Progesterone is an ovarian steroid hormone essential for breast development. The progesterone receptor (PR) exists primarily in two co-expressed isoforms, PR-A and PR-B. Studies from knockout-mice have shown that PR-B is required for proliferative signaling during mammary gland alveologenesis. In contrast, PR-A is required for uterine development, where progesterone inhibits proliferation. Very little is understood regarding regulation of PR tissue- and isoform-specific transcription. How are isoform-specific mitogenic (PR-B in the breast) and inhibitory/differentiative (PR-A in the uterus) effects achieved? PR-A and PR-B are most often co-expressed in the same tissues, and cells that express only a single PR isoform are rare, except in breast cancer where the normal 1:1 ratio is frequently altered. Selective PR isoform inhibition (blocking pro-proliferative effects of PR-B while preserving the protective or anti-proliferative effects of PR-A) would represent significant progress in breast cancer prevention and/or treatment. PR is highly post-translationally modified. Phosphorylation, primarily on PR-B N-terminal serine residues, significantly alters receptor stability, localization, transcriptional activity and promoter selectvity. Our preliminary data suggest that the basis for PR-B-specific proliferative actions in breast cancer cells involves ck2-dependent selective phosphorylation of PR-B Ser81 via a unique protein interaction domain, the common docking (CD) domain, found exclusively in PR-B but not PR-A. Phosphorylation of PR-B Ser81 regulates a highly specific subset of proliferative and pro-survival genes, including selected PR-regulated genes known to modulate the mammary stem cell compartment, such as Wnt1 and STAT5A. Additionally, our data suggest that STAT5A may serve as a "pioneer factor", an early genomic binding partner that recruits/directs phospho-Ser81-PR-B-specific gene regulation. The goal of this research proposal is to determine how proteins that interact with PR-B via the CD domain regulate direct phosphorylation of PR-B on Ser81, thereby dictating PR-B isoform-specific transcriptional events at genes important for breast cancer cell proliferation, pro-survival, and expansion of the stem cell compartment. Hypothesis: PR and STAT5 co-regulate a specific subset of phospho-PR-B target genes (through CD domain- dependent recruitment of MKP3 and ck2, followed by ck2-mediated phosphorylation of PR-B Ser81) that regulate breast cancer cell proliferation and pro-survival, in part via modulation of the mammary stem cell compartment;selected genes are regulated by phospho-PR-B in the absence of ligand. ck2-dependent activation of PR-B may accelerate mammary tumor development and/or drive early breast cancer progression.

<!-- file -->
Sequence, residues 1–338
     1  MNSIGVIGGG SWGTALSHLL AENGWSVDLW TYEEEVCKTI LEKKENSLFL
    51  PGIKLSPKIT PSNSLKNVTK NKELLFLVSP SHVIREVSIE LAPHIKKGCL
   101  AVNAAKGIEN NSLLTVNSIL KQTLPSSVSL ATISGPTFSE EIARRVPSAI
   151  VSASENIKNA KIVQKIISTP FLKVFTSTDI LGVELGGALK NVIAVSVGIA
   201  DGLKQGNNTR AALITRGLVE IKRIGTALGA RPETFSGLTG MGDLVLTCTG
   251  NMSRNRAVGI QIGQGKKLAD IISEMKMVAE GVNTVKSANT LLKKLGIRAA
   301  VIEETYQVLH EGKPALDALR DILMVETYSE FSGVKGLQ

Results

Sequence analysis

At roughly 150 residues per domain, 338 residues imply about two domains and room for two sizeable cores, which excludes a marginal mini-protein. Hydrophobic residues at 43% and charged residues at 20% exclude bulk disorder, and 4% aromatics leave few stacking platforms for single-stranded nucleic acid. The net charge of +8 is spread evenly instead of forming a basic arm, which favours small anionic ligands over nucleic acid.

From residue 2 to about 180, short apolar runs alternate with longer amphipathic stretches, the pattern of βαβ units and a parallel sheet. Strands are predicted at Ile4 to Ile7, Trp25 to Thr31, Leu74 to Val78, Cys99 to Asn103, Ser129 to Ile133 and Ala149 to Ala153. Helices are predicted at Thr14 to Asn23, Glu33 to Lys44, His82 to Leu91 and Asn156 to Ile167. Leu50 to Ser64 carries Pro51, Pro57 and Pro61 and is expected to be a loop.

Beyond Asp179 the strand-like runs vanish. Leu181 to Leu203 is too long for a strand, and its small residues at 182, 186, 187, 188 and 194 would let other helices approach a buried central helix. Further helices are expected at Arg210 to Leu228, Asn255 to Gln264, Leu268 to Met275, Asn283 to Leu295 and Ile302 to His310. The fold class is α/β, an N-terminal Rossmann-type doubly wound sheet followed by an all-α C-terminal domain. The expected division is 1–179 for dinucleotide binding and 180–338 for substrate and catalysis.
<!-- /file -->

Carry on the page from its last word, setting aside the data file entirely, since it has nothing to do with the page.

The goal of this research proposal is to determine how proteins that interact with the progesterone receptor (PR) regulate its direct phosphorylation, thereby dictating PR isoform-specific transcriptional events at genes important for breast cancer cell proliferation, pro-survival, and expansion of the stem cell compartment. Understanding how PR isoform-specific regulation is achieved may allow us to modulate/inhibit the proliferative actions of PR in the breast, while preserving protective anti-proliferative activities in other tissues. These studies could open the way to new treatments that may prevent or reverse the development of early cancerous steroid receptor positive breast lesions and/or provide novel PR-based additions to the current repertoire of largely estrogen receptor-based endocrine therapies.
|Hagan, Christy R; Knutson, Todd P; Lange, Carol A (2013) A Common Docking Domain in Progesterone Receptor-B links DUSP6 and CK2 signaling to proliferative transcriptional programs in breast cancer cells. Nucleic Acids Res 41:8926-42|